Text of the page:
Israeli, Hamas Conflict Attracts Anonymous

Anonymous protesters decry any censorship against Palenstinians and offer advice for keeping them online during the conflict with Israel.

Protesters claiming to be part of the Anonymous movement decried the Nov. 14 attacks by the Israeli military against the Hamas leadership allegedly responsible for hundreds of rocket attacks against Israeli civilians and offered their help to keep Palestinians online and reporting on their situation.

In an online statement, Anonymous warned the Israel Defense Force (IDF) not to cut off Palestinians in Gaza from being able to get their message out to the world, although it’s unclear whether the IDF actually threatened to do so. Initial reports indicated that the most recent rocket attacks against Israel resulted in the deaths of three civilians, while Israel's counterattack, dubbed Operation Pillar of Defense, had killed 14.

"To the people of Gaza and the 'Occupied Territories,' know that Anonymous stands with you in this fight," the statement read. "We will do everything in our power to hinder the evil forces of the IDF arrayed against you. We will use all our resources to make certain you stay connected to the Internet and remain able to transmit your experiences to the world."

The online protest, dubbed "OpIsrael," came after Israel launched attacks against Hamas leaders in Gaza in retaliation for the more than 100 missile and rocket attacks sent into Israel in the past week. Hamas has launched more than 500 rockets and missiles into Israel territory in 2012, according statistics compiled by the Israeli government.

"Hamas and the terror organizations decided to escalate their attacks on the citizens of Israel over the last few days," Israeli Prime Minister Benjamin Netanyahu said in a statement. "We will not accept a situation in which Israeli citizens are threatened by the terror of rockets. No country would accept this, Israel will not accept it."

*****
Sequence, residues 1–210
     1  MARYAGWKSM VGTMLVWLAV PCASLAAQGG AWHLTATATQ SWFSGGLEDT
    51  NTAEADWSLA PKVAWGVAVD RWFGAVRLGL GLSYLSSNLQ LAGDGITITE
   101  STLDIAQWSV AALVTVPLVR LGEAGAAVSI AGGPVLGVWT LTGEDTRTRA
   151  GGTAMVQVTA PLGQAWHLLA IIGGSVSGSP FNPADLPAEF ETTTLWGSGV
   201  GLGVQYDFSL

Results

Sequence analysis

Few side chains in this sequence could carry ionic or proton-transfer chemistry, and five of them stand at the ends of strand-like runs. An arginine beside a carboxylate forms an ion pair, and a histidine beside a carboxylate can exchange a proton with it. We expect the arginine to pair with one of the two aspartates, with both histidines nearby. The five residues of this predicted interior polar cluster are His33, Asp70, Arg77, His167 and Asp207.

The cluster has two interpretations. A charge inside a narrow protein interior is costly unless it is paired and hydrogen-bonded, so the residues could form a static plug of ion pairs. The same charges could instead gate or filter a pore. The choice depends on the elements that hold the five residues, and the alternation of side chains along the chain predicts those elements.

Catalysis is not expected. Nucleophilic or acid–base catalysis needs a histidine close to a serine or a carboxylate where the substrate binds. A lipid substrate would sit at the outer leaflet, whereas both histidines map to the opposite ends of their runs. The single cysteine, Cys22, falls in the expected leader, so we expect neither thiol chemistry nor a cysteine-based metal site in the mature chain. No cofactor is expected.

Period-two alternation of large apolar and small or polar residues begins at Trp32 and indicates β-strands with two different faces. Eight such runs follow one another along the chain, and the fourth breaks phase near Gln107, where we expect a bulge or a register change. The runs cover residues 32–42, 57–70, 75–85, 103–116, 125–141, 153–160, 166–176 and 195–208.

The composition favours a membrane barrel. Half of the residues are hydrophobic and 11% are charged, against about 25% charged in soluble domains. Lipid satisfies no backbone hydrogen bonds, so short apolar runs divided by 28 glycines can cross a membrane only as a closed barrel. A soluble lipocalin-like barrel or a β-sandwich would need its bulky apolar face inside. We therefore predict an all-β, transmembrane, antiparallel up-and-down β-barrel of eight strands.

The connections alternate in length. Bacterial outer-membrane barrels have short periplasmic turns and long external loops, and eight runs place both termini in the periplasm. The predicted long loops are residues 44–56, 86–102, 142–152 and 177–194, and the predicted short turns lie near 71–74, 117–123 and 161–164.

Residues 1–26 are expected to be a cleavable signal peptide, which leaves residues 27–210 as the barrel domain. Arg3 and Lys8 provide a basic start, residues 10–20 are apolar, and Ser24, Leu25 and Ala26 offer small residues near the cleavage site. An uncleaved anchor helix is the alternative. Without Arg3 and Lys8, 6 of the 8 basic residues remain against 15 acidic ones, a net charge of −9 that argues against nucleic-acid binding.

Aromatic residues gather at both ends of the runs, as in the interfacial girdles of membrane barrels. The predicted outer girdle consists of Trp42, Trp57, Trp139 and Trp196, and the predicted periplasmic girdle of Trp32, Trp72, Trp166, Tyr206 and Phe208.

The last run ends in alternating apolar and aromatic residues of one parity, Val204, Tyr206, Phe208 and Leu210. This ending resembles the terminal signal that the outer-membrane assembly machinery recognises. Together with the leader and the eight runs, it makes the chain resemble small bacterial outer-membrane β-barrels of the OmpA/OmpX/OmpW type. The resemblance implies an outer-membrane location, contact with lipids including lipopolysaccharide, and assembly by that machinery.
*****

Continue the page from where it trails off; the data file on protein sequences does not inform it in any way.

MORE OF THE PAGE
Early in the morning on Nov. 15, a post allegedly from Anonymous supporters criticized Israel for the attacks. At the same time, distributed denial-of-service (DDoS) attacks began targeting the Websites of the Israel Defense Force and the Prime Minister's office as well as Israeli banks, airlines and infrastructure companies, according to security firm Radware.

"Today, every political conflict has a cyber-component," said Ronen Kenig, director of product marketing for Radware. "If the attackers take down the IDF Website, nothing will be affected in terms of the military, but it becomes part of the political conflict."

Anonymous is not a single group, but a movement espousing a chaotic mixture of principles, matching its amalgam of supporters. While Anonymous has helped dissidents remain online in many Middle Eastern countries and has supported the cause of Wikileaks, its supporters have also embraced their inner pranksters, pointing out security issues in large companies by compromising their systems and leaking the information online.

On Nov. 15, members of the movement softened the original statement, claiming not to be taking a side on the conflict.

"Anonymous does not support violence by the IDF or by Palestinian Resistance/Hamas," said a second statement posted to PasteBin. "Our concern is for the children of Israel and Palestinian Territories and the rights of the people in Gaza to maintain open lines of communication with the outside world."

Robert Lemos

Robert Lemos

Robert Lemos is an award-winning freelance journalist who has covered information security, cybercrime and technology's impact on society for almost two decades. A former research engineer, he's...